reciprocate

verb
re·​cip·​ro·​cate | \ ri-ˈsi-prə-ˌkāt How to pronounce reciprocate (audio) \
reciprocated; reciprocating

Definition of reciprocate

transitive verb

1 : to give and take mutually
2 : to return in kind or degree reciprocate a compliment gracefully

intransitive verb

1 : to make a return for something we hope to reciprocate for your kindness
2 : to move forward and backward alternately a reciprocating valve

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Other Words from reciprocate

reciprocator \ ri-​ˈsi-​prə-​ˌkā-​tər How to pronounce reciprocator (audio) \ noun

Synonyms for reciprocate

Synonyms

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Choose the Right Synonym for reciprocate

reciprocate, retaliate, requite, return mean to give back usually in kind or in quantity. reciprocate implies a mutual or equivalent exchange or a paying back of what one has received. reciprocated their hospitality by inviting them for a visit retaliate usually implies a paying back of injury in exact kind, often vengefully. the enemy retaliated by executing their prisoners requite implies a paying back according to one's preference and often not equivalently. requited her love with cold indifference return implies a paying or giving back. returned their call return good for evil

Examples of reciprocate in a Sentence

Individuals who have received a dedication … are expected to reciprocate with a gift, perhaps placing a few folded notes of money into the hat when they give it back. — A. L. Kennedy, On Bullfighting, 1999 When he entered the room … Agnes was conscious of a latent feeling which secretly reciprocated Henry's unconcealed pleasure on meeting her again. — Wilkie Collins, The Haunted Hotel, 1878 Thus expressing himself, the little lawyer gave Mr. Winkle a poke in the chest, which that gentleman reciprocated; after which they both laughed very loudly … — Charles Dickens, The Pickwick Papers, 1837 They appreciated her kindness but were not ready to reciprocate the gesture. reciprocated the favor by driving their neighbor to the airport
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Recent Examples on the Web The storyline ends in heartbreak — Ethan has got back together with his ex-boyfriend and doesn’t reciprocate Jack’s feelings — but history was made nonetheless. NBC News, "Two decades later, 'Dawson's Creek' actor reflects on historic gay kiss," 18 Oct. 2019 In that sense, what reads mostly as a favorable portrait of the Obama-Biden bond ends with some question about just how much Biden’s contributions to it were reciprocated. Mike Memoli, Washington Post, "Political partners, personal friends: Inside the Obama-Biden bond," 4 Oct. 2019 Your niece will no doubt reciprocate at some point, if not by paying for a family meal out, or sharing in the groceries, then by making herself charming and useful. Judith Martin, The Mercury News, "Miss Manners: I invited this girl, and now I’m wondering where she’ll sleep," 4 Sep. 2019 Senator Mitch McConnell would later reciprocate by announcing that the defeat of President Obama in 2012 was his No. 1 priority. Barney Frank, Time, "We Need Bipartisanship to Fix the Economy. That Seems Impossible Right Now," 22 Aug. 2019 Unfortunately for Johnson, this love is not always reciprocated. Luke Mcgee, CNN, "Boris Johnson could be the last prime minister of the United Kingdom," 3 Aug. 2019 Before the Seminoles’ practice at Creighton University on Sunday afternoon, Martin reciprocated the praise to Bakich. Anthony Fenech, Detroit Free Press, "Michigan's Erik Bakich must go through coaching idol to advance at CWS," 16 June 2019 Ghani, who is up for a second term, has not reciprocated. Washington Post, "Taliban attacks second Afghan city as U.S. negotiator says peace deal is near," 2 Sep. 2019 So far, the U.S. has put tariffs on $50 billion in goods, and China has reciprocated. Paul Kiernan, WSJ, "At Fed’s Jackson Hole Retreat, Central Bankers Eye New Economic Risks," 26 Aug. 2018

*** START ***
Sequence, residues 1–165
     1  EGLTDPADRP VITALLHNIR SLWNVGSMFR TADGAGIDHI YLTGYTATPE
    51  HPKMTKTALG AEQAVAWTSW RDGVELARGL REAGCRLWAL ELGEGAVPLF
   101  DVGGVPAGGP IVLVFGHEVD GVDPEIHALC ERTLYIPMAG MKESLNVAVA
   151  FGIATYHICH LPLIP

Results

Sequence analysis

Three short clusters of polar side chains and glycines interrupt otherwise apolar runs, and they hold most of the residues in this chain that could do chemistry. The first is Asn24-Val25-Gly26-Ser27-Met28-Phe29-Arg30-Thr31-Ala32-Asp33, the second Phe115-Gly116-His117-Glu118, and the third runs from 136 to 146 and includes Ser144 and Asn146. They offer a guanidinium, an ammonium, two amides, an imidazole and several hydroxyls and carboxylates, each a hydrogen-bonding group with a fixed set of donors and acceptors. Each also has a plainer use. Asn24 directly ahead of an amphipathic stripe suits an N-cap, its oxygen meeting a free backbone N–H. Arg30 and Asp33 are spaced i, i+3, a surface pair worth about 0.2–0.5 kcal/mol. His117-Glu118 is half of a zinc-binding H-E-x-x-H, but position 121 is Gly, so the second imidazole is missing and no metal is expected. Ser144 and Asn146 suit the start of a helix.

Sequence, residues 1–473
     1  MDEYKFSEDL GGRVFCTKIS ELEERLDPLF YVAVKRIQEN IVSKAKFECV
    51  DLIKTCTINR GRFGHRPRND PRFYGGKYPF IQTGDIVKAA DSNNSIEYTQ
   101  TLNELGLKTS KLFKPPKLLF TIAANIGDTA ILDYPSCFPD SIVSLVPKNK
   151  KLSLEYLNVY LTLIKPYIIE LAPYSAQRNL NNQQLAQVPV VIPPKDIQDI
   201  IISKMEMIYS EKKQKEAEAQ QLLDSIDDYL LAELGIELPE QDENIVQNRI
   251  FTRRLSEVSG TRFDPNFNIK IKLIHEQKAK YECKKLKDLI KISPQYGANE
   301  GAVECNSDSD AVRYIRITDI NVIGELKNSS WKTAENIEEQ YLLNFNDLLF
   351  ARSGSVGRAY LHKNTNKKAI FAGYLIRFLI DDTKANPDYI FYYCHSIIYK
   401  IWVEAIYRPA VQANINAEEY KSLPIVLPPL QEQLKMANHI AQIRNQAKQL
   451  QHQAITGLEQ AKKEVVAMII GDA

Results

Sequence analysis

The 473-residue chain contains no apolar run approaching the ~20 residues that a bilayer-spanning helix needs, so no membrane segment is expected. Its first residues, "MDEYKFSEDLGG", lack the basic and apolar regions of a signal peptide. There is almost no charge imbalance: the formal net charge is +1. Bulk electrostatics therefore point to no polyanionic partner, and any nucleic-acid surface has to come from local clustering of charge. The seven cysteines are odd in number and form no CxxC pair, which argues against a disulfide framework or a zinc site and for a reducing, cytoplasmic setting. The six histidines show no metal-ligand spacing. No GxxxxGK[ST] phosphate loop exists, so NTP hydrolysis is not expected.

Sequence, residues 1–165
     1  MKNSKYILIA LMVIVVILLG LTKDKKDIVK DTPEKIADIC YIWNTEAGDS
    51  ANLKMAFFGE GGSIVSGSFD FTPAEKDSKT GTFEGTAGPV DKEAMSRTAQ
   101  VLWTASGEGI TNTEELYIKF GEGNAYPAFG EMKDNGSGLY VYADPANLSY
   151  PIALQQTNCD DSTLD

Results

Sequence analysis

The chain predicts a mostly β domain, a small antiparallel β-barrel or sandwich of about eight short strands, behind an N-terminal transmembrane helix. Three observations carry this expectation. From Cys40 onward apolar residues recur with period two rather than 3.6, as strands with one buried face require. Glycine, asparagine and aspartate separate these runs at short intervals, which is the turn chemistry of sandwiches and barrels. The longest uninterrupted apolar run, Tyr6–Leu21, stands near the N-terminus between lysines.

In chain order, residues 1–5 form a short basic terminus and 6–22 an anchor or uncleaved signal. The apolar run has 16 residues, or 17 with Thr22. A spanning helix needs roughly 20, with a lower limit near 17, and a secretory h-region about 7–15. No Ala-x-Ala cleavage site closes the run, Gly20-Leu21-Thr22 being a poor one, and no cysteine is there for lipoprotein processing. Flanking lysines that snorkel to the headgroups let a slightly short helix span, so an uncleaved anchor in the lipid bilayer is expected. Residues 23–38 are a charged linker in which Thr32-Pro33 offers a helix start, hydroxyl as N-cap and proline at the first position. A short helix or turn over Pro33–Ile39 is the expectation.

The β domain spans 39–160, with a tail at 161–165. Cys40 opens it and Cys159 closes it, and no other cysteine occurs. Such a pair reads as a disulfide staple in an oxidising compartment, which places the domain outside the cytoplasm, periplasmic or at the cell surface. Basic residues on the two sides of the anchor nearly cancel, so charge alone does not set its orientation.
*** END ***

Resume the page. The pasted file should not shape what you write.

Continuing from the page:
These example sentences are selected automatically from various online news sources to reflect current usage of the word 'reciprocate.' Views expressed in the examples do not represent the opinion of Merriam-Webster or its editors. Send us feedback.

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First Known Use of reciprocate

1607, in the meaning defined at intransitive sense

History and Etymology for reciprocate

see reciprocal entry 1

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Time Traveler for reciprocate

Time Traveler

The first known use of reciprocate was in 1607

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Last Updated

11 Nov 2019

Cite this Entry

“Reciprocate.” The Merriam-Webster.com Dictionary, Merriam-Webster Inc., https://www.merriam-webster.com/dictionary/reciprocate?pronunciation&lang=en_us&dir=r&file=recipr03. Accessed 7 December 2019.

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More Definitions for reciprocate

reciprocate

verb
How to pronounce reciprocate (audio)

English Language Learners Definition of reciprocate

: to do (something) for or to someone who has done something similar for or to you
: to have (a feeling) for someone who has the same feeling for you
technical : to move back and forth again and again

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Comments on reciprocate

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